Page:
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In Mathematica, Pictures Are Worth a Thousand Words

One of the challenges of developing Mathematica is resisting the urge to spend all my time playing with the graphics toys I create. A lot of what I do results in features so fun to explore that they jeopardize the further development of Mathematica. I’d like to point out a few of them in this blog, starting with a simple but profound change in the behavior of Mathematica graphics: direct graphics output.

In previous versions of Mathematica, the result of a Plot or other graphics command was the abbreviated form  - Graphics -  that represented the symbolic output. The actual graphical image itself was spit out like a watermelon seed as a side-effect of the evaluation and was not associated with the symbolic output.

In Mathematica 6, the output and the image are one and the same, behavior we call “direct output” to contrast it with the “side-effect output” of previous versions. This simple change in behavior underlies much of the interesting new functionality in Version 6.

An immediate consequence of direct output is that it is now easy to make lists of graphics:

Table[Plot[Sin[2 Pi f x], {x, 0, 1}], {f, 1, 3}]

Sin plots in list form

(In previous versions, the output would have been:
{- Graphics -, - Graphics -, - Graphics -}”.)

Tables of graphics are straightforward, too:

Table[ParametricPlot[{Cos[n x], Sin[m x]}, {x, 0, 4 Pi}], {n, 1, 3}, {m, 1, 3}] // Grid

ParametricPlot table

In fact, graphics and text are now so tightly integrated that graphics can appear anywhere in a typeset expression:

Expansion of rectangles and disks

That’s all fine and good, but where did the symbolic output of graphics evaluations go? Answer: the image is the symbolic output. How can that be possible?

All Mathematica expressions have both input and output forms. The input form is the text you type when you enter an expression, for example:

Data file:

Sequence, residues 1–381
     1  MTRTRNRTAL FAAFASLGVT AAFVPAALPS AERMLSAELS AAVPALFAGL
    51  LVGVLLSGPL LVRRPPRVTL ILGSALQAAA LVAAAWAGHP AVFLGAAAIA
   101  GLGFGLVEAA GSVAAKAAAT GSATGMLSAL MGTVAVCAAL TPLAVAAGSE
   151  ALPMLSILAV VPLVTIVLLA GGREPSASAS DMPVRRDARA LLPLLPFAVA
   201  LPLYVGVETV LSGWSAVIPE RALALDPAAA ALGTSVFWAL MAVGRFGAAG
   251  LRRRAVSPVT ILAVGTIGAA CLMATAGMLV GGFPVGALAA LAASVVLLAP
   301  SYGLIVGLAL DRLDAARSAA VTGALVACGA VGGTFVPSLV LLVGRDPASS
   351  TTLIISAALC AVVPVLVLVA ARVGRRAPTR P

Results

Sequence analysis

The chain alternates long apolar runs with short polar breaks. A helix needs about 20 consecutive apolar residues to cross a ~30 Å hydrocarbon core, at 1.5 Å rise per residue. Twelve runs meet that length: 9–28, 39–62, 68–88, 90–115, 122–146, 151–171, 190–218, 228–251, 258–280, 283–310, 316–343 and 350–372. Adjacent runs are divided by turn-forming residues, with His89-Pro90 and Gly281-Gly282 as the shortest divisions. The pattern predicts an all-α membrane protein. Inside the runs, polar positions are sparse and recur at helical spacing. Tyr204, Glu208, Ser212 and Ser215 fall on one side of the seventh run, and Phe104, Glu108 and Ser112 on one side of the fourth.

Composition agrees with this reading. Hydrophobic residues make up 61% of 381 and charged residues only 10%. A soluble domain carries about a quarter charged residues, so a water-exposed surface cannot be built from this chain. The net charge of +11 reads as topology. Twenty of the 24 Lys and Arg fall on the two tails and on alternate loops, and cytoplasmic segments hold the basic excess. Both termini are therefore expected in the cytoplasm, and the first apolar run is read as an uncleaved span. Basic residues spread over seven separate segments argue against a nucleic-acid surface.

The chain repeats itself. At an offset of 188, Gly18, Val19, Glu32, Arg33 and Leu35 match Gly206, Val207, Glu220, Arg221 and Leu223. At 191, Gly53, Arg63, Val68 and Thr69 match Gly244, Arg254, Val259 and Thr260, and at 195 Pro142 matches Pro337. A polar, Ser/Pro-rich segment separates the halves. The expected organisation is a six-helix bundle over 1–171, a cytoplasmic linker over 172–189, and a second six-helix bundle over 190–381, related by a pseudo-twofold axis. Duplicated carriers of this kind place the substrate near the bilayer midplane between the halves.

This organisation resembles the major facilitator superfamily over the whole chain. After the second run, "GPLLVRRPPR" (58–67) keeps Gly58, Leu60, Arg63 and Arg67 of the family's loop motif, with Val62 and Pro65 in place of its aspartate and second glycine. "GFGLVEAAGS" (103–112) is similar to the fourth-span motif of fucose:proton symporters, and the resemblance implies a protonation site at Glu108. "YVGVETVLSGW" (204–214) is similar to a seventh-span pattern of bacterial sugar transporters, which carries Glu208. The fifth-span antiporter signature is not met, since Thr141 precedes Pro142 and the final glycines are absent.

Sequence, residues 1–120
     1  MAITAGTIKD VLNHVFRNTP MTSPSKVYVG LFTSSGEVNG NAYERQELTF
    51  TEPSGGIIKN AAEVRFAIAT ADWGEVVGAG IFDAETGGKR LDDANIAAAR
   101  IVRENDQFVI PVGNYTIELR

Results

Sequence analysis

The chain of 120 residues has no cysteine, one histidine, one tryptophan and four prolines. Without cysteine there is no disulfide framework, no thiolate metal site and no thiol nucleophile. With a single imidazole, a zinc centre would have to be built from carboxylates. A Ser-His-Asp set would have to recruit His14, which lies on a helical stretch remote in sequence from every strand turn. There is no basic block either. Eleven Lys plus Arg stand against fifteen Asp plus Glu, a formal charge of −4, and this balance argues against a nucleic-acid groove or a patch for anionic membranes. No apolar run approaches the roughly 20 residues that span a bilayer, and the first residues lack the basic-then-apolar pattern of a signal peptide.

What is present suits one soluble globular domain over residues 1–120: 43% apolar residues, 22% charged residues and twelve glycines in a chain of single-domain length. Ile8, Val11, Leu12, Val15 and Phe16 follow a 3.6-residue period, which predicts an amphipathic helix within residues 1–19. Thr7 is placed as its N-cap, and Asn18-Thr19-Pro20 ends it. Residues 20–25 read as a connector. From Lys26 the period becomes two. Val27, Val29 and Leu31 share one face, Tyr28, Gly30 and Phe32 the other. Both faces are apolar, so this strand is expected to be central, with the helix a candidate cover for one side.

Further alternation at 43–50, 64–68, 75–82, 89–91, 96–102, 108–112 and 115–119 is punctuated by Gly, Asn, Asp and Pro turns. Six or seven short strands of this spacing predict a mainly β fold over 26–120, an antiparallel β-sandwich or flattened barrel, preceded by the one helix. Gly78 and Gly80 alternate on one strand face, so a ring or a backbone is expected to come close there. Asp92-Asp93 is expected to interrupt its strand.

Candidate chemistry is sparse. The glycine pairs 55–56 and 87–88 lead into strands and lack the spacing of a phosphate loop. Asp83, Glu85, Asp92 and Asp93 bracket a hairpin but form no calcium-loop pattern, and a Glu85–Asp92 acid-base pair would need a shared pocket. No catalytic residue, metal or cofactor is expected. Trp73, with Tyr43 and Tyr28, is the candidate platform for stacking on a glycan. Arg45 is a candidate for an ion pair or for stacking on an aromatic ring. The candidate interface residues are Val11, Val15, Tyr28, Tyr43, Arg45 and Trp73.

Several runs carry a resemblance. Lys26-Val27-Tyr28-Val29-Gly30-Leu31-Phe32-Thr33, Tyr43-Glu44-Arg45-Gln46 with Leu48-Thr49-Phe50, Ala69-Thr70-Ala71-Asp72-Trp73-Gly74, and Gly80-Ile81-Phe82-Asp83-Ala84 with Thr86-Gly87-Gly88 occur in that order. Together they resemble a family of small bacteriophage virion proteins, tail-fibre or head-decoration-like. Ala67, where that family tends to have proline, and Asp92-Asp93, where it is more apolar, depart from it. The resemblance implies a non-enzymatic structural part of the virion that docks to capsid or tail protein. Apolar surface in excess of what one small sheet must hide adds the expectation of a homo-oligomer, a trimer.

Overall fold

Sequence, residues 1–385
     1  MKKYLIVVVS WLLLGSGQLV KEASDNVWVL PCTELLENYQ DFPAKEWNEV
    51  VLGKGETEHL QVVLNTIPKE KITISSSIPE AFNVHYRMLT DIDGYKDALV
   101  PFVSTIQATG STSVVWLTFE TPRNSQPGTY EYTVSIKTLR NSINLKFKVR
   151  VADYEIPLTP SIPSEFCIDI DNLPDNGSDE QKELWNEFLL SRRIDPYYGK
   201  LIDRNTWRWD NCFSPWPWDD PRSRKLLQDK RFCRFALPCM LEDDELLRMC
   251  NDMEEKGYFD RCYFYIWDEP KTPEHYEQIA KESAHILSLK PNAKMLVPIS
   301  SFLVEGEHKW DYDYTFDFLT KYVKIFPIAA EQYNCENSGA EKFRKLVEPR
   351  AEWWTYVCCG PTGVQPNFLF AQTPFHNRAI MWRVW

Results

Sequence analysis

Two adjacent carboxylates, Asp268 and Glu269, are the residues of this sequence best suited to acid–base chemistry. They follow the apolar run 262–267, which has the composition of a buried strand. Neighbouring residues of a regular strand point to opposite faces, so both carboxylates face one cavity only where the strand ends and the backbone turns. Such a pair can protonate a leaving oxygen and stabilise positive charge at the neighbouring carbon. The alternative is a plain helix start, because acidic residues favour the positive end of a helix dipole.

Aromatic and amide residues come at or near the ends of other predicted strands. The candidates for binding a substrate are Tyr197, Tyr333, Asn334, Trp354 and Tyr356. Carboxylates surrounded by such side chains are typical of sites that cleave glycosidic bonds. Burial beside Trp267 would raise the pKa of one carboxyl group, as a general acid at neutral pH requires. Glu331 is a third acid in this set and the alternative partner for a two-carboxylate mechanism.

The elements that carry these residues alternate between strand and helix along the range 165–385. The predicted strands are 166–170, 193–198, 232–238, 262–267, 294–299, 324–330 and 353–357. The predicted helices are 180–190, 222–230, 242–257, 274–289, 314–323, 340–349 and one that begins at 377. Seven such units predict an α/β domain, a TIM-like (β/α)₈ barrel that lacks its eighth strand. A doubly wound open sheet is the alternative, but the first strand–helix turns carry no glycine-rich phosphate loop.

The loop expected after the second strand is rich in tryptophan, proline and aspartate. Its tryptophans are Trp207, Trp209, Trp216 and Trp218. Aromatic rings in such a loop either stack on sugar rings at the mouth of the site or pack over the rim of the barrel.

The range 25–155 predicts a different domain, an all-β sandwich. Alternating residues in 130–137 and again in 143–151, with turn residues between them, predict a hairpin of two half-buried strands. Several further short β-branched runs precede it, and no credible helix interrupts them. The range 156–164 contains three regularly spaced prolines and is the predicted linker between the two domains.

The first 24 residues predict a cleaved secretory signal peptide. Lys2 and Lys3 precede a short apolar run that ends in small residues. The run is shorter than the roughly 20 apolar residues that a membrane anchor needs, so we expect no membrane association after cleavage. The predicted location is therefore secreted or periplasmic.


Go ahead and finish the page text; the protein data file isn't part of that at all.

The output form is the way the expression is presented in output—in this case, as a two-dimensional typeset fraction and radical:


As far as Mathematica is concerned, those are equivalent representations of the same expression. They can be used interchangeably.

In Mathematica 6, we made graphics follow the same paradigm. When you evaluate a graphics expression, the image you see is the output form of the corresponding Graphics or Graphics3D expression. For the first time, the image and the textual expression are equivalent, and any output can be reused as input—that’s where the fun begins.

Let’s say you want to know the options of a Plot output. Type “// Options” after the image and evaluate.

Options for Sin[x] plot

{AspectRatio -> 1/GoldenRatio, Axes -> True, AxesOrigin -> {0, 0}, PlotRange -> {{0, 2 Pi}, {-1., 1.}}, PlotRangeClipping -> True, PlotRangePadding -> {Scaled[0.02], Scaled[0.02]}}

Want to add a label to your plot? Just Append the PlotLabel option to the image.

Append PlotLabel to Sin[x] plot

Plot of Sin[x] with PlotLabel

Replacement operations are especially fun. Replacing Line with Polygon in this plot output gives a filled plot.

/. Line->Polygon

Line replaced with Polygon in plot of Sin[x]

Similarly, replacing Line with Point shows the vertices of the plot curve—revealing Mathematica’s adaptive plot refinement strategy, which places points more densely in the regions of a plot that have high curvature.

Line replaced with Point in plot of Sin[x]

Of course, 3D graphics work the same way. Here’s a ParametricPlot3D of a cone. Adding black edges to the polygons that make up the cone’s surface reveals how Mathematica subdivides the polygonal mesh to yield a smooth surface.

Adding black edges to a cone

Subdivided ParametricPlot3D of a cone

Notice that all of the symbolic information necessary to describe an image lurks not far behind the image itself. That makes it possible in Mathematica 6 to define functions that grab an image’s symbolic description, rearrange or otherwise modify the description and instantly update the image. Hook that function up to a button and put the button into a notebook, and you have the beginnings of a palette that operates on graphics. It’s all incredibly easy in Mathematica 6.